Show me the merch
And it’s not just in the sporting arena where sponsorship opportunities are evolving. With ITV’s Love Island back on TV screens, sponsors of this generation's ‘Big Brother’ are enjoying more involvement in the production of the dating game show which has come a long way since the days of BB’s telecoms sponsors forking out just to preview their flip-phones in ad break bumpers, while contestants donned their own unbranded outfits throughout their stay. Now, sponsors’ products can be seen placed throughout the contestants’ experience – and pay handsomely for the privilege. From JD Sports supplying gym equipment, to Tinder partnering with a dating app, everything is for sale.

For ITV, this sponsorship model for its runaway reality success is lucrative: described by The Guardian as ‘the most commercialised show on British television’, this year’s offering saw the channel bag £12 million from sponsors before the first episode had even aired and the Mail Online estimates ITV raked in over £73 million from its nine ‘official partners’.

And for the brands, partnering with the programme can prove to be a game changer. In its first year with the show, fast fashion retailer, I Saw It First, enjoyed rapid growth in sales, up 67%, and saw its Instagram following increase by over 250%. This year, as Love Island’s official fashion partner, contestants’ wardrobes comprised the popular online brand’s products and these were made available to purchase by audiences. As a result, ISIF has credited its rapid success to its relationship with the Island.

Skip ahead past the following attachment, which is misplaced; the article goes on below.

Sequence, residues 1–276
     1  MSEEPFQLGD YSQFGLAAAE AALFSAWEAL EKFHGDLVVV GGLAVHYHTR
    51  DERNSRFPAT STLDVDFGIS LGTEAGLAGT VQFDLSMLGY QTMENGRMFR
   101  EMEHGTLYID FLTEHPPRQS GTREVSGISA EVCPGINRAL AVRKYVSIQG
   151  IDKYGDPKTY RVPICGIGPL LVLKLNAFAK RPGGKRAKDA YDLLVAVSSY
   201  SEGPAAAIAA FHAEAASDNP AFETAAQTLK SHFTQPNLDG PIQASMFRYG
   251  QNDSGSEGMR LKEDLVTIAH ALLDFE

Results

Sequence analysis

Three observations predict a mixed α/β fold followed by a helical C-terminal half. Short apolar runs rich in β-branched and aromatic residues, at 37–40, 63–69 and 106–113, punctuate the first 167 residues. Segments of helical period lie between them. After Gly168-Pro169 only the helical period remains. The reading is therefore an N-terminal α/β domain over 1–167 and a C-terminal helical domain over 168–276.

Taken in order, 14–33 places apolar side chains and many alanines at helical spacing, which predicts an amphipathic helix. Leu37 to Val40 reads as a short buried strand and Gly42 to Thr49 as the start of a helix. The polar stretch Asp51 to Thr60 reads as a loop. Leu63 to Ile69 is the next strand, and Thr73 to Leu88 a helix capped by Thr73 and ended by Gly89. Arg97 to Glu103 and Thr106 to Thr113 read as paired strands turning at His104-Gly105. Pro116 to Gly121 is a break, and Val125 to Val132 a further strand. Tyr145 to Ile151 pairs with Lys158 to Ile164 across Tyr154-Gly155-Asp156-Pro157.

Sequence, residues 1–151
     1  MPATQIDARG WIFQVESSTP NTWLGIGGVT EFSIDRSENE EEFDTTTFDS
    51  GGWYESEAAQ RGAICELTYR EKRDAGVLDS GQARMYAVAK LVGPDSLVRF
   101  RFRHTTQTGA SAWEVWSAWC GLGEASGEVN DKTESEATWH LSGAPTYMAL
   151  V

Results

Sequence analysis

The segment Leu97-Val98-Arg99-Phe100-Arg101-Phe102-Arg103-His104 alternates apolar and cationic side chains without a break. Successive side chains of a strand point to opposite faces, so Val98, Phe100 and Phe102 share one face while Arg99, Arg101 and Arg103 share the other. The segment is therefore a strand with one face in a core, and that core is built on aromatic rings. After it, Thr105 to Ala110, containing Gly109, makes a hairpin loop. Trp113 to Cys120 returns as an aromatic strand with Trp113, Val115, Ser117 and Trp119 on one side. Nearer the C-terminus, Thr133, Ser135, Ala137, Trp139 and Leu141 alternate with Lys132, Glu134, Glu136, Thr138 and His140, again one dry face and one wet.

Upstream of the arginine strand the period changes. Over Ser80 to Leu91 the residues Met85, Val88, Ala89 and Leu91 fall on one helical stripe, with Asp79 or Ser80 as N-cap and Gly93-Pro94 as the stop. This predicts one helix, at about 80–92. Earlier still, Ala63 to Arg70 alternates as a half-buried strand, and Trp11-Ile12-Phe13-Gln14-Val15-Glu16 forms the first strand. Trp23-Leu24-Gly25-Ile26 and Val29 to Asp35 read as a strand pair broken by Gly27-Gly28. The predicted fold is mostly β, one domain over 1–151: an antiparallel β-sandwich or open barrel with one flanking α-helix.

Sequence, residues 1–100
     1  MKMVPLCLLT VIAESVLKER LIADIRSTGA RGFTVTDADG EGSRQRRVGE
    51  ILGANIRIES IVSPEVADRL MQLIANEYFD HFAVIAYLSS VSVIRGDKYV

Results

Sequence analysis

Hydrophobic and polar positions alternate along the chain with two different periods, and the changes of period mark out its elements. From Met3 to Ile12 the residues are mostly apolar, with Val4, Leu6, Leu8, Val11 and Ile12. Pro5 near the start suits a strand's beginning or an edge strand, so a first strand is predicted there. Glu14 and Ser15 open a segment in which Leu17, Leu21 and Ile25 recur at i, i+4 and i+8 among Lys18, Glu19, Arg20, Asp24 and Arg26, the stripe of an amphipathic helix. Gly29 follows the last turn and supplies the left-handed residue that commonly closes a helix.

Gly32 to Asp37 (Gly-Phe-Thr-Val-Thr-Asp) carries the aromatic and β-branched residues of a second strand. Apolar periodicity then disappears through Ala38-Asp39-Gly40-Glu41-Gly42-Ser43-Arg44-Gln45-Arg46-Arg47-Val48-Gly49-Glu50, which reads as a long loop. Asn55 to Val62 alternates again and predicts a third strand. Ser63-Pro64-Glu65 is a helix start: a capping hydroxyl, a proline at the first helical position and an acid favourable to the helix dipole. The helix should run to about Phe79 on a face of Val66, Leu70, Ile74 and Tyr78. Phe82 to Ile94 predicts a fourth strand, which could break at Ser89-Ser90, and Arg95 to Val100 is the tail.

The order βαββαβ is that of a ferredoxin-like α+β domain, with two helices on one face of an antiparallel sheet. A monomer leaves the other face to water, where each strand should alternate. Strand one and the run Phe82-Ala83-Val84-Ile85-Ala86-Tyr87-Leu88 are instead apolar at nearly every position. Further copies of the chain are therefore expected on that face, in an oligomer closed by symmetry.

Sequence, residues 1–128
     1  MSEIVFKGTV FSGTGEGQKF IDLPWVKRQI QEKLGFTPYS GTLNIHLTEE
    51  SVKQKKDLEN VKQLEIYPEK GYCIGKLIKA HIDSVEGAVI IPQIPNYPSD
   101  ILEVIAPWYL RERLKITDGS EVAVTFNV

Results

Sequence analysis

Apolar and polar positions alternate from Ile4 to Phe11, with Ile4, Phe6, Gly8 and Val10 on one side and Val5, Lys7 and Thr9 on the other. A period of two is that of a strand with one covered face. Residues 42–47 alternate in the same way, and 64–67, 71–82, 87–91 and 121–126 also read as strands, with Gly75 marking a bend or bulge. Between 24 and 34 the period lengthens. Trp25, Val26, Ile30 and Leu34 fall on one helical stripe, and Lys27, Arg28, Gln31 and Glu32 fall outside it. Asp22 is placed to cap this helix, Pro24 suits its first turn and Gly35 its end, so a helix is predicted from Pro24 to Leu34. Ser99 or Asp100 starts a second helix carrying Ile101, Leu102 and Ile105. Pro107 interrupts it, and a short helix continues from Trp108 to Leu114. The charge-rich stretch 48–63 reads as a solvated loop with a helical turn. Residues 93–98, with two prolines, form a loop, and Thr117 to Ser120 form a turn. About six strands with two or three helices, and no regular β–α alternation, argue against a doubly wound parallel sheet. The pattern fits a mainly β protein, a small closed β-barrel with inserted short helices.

In a similar vein, the rise of social media has also provided sponsorship with a relatively new channel. As influencer marketing still finds its feet, brands can employ contestants of the show, as well as anyone else with a strong social media following, to post on their behalf, often using ‘#sponsored’ or ‘#ad’ as a way to ‘influence’ their following with brands’ products, providing another route to market for advertisers.

It's a ‘no’ from Ronaldo
What happens when sponsorship goes wrong? As England hit fever pitch earlier this summer when the country’s men’s football squad found themselves in their first major football tournament final in over 50 years, one story managed to break through all the Three Lions noise.

Portugal’s poster boy, Ronaldo, caused a stir when he removed bottles of sponsor Coca-Cola's products from view at a press conference, then picked up a bottle of water stating: ‘No Coca-Cola’, advocating a healthier lifestyle.

Moving the products out-of-shot had a substantial impact: Coca-Cola's share price dropped from $56.10 to $55.22 and Coca-Cola's market value dropped by $4 billion, according to Nasdaq index and the New York Stock Exchange.

After the trend caught on amongst other players, UEFA was forced to intervene, briefing competing delegations to stop removing the strategically placed sponsor products from the news conference platforms, citing the importance of sponsorship revenues for the both the tournament and European football.

Such an issue can pose a real challenge for brands: with a combined 550 million social media following, stars like Ronaldo aren’t always under the control of sponsors. When people don’t get a choice in the endorsement, there is always a risk that they won’t play ball.

To sponsor, or not to sponsor?
Evidently, there are both big benefits as well as risks involved when making sponsorship choices. To maximise the value of sponsorship and mitigate against potential issues, there needs to be a good fit between the sponsor and the entity being sponsored. Brands should ensure they have a clear understanding of their values, their objectives and who their audiences are, before deciding where to part with their budget.